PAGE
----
Hypoglycemia remains a complex issue for diabetes patients and their healthcare providers, according to the focus of a recent symposium.
Experts from across the globe spoke as part of an American Diabetes Association program, bringing to light some of the key concerns for those managing hypoglycemia in diabetes patients.
From inadequate use of continuous glucose monitoring systems to dangerous low blood sugar at night, experts weighed in on the top causes of hypoglycemia as well as the best treatments.
While continuous glucose monitoring has been a big step toward helping those with diabetes prevent hypoglycemia, it is not perfect, experts say.
“It has improved from earlier generations,” said Dr. Irl B. Hirsch, Professor of Medicine at the Washington University School of Medicine. “But like many aspects of diabetes therapy, patients need to be active participants.”
Learning how to properly use the device is the key toward its success, Hirsch added.
“Accuracy is lowest on its first day of use,” he said. “It’s been that way and it continues that way. Hopefully the technology will improve that.”
Nocturnal hypoglycemia is a common- and dangerous- concern for diabetic patients using insulin, according to Dr. Stephanie Amiel, Professor of Diabetic Medicine at King’s College London in the United Kingdom.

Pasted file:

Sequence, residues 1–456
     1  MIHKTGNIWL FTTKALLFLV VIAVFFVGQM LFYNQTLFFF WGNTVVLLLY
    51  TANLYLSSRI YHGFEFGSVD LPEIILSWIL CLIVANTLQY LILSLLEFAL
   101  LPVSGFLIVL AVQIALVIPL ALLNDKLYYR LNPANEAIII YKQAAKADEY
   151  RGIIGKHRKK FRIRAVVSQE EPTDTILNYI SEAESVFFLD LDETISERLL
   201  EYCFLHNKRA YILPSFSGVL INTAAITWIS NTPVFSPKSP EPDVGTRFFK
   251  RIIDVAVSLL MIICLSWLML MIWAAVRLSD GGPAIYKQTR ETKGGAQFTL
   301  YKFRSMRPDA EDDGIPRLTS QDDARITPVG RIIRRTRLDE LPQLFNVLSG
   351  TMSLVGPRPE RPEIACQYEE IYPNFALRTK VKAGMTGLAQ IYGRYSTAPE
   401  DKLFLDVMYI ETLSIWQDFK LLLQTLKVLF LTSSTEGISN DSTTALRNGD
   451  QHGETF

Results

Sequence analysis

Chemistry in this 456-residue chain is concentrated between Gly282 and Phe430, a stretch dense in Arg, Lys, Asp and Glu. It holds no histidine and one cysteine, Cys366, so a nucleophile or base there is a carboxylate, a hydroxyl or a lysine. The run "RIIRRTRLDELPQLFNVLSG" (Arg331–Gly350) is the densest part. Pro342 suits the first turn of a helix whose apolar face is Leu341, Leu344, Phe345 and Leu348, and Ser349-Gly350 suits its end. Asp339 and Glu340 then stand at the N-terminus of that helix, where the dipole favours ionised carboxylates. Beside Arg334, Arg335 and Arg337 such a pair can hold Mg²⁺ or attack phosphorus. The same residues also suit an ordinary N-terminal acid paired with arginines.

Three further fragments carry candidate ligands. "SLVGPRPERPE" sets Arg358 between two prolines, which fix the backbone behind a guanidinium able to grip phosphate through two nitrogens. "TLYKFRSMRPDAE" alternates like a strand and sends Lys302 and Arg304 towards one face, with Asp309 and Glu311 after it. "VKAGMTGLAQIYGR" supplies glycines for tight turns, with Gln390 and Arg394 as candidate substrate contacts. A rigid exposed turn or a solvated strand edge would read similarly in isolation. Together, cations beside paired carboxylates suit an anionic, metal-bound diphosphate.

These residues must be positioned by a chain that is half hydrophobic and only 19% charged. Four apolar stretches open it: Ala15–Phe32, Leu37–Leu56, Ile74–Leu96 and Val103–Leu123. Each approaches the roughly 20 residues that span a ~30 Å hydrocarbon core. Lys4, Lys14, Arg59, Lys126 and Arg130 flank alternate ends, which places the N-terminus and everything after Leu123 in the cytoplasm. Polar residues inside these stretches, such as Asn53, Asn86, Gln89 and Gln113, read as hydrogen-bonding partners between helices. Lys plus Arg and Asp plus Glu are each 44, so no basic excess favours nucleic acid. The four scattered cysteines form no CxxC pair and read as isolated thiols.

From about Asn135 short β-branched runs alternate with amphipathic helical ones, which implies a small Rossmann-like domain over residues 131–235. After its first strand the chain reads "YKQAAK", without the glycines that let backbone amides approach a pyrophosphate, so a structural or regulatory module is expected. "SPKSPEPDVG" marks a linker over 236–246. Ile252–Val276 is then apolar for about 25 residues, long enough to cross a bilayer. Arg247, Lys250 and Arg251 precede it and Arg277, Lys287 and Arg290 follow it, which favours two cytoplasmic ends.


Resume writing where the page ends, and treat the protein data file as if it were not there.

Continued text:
Surprisingly, the occurrence of nocturnal hypoglycemia is more likely if morning glucose levels are low, and does not appear to be related to bedtime glucose readings, she said.
Nocturnal hypoglycemia can result in coma, seizures, or death, and can also impact mood and fatigue levels the next day, she added. Treatment options include taking last doses of insulin before bed, rather than before the evening meal.
But diabetes is not always the cause of incidents of hypoglycemia.
Gastric bypass surgery can also result in hypoglycemia, said Dr. F. John Service, Professor of Medicine at the Mayo Clinic.
According to previous research, 10 to 15 percent of those who have gastric bypass surgery to lose weight experience hypoglycemia, which can be controlled by lifestyle changes including eating small meals spread evenly throughout the day to prevent spikes and drops in blood sugar levels, or with varied courses of drug treatments.